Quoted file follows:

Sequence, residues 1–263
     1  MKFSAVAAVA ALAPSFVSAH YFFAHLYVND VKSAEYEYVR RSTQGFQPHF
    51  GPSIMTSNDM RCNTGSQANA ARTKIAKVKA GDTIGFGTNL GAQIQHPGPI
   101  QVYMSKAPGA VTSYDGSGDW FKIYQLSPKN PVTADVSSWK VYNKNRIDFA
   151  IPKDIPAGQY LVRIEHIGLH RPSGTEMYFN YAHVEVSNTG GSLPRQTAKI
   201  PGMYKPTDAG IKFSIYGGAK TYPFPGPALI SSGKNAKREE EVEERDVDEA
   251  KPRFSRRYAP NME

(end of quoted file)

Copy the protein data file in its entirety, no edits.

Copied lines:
Sequence, residues 1–263
     1  MKFSAVAAVA ALAPSFVSAH YFFAHLYVND VKSAEYEYVR RSTQGFQPHF
    51  GPSIMTSNDM RCNTGSQANA ARTKIAKVKA GDTIGFGTNL GAQIQHPGPI
   101  QVYMSKAPGA VTSYDGSGDW FKIYQLSPKN PVTADVSSWK VYNKNRIDFA
   151  IPKDIPAGQY LVRIEHIGLH RPSGTEMYFN YAHVEVSNTG GSLPRQTAKI
   201  PGMYKPTDAG IKFSIYGGAK TYPFPGPALI SSGKNAKREE EVEERDVDEA
   251  KPRFSRRYAP NME